It has a few parts:
a command line tool which can be used to access any of the 24 JSON Schema implementations integrated with it. Use it to validate any schema and instance against any implementation.
a report, accessible at https://bowtie.report/, showing how well each implementation complies with the specification and which tests they fail (if any)
a protocol which new implementations can integrate with in order to have their implementation be supported by Bowtie
It’s called Bowtie because it fans in lots of JSON then fans out lots of results:
Looks like a bowtie, no?
Also because it’s elegant – we hope.
If you’re just interested in how implementations stack up against each other, you can find the most up to date report at https://bowtie.report/.
Via Homebrew (macOS or Linuxbrew)#
brew install bowtie-json-schema/tap/bowtie
As a Single Executable#
There is an experimental PyApp of Bowtie published to GitHub on each release.
You can find the latest one here.
Once downloading it, run
chmod +x on it and you should be able to use it as-is if you have an existing Python installation.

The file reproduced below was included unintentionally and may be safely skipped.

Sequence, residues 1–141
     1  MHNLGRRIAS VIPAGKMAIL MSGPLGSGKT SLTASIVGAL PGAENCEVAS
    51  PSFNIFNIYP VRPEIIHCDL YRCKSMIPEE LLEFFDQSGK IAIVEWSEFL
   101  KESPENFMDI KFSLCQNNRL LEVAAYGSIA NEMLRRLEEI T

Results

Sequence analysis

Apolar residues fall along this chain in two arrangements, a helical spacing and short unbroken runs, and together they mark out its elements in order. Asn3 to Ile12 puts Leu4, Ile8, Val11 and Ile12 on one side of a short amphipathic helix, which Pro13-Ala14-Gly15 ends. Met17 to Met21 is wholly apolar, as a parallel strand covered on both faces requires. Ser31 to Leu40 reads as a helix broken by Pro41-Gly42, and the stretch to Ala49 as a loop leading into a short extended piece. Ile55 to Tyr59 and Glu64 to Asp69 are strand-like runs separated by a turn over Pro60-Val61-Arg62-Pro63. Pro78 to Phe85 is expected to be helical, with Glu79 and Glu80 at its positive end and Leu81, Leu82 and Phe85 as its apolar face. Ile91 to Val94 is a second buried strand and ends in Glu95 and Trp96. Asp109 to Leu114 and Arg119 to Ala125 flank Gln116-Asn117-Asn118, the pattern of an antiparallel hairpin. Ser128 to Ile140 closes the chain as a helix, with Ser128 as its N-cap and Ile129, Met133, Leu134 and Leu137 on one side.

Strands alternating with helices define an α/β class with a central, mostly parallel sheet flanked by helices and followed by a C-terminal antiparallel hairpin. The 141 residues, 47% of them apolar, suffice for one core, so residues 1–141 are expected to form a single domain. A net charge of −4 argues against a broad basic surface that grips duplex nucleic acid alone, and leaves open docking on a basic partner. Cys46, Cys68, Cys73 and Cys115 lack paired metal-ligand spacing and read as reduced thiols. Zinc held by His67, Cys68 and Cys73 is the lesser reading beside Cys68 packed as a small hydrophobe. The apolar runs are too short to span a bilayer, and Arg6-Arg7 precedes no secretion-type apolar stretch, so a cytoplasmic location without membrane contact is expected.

If you use it (successfully or otherwise) please provide feedback.
Manual Installation via PyPI#
Bowtie is written in Python, and uses a container runtime to execute JSON Schema implementations, so you’ll need both Python and a suitable container runtime installed.
If you have no previous container runtime installed (e.g. Docker), follow the installation instructions for podman specific to your operating system. Ensure you’ve started a Podman VM if you are on macOS.
Then follow the pipx installation process to install
pipx, and finally use it to install Bowtie via:
pipx install bowtie-json-schema
which should give you a working Bowtie installation, which you can check via:
Further usage details of the command-line interface can be found here.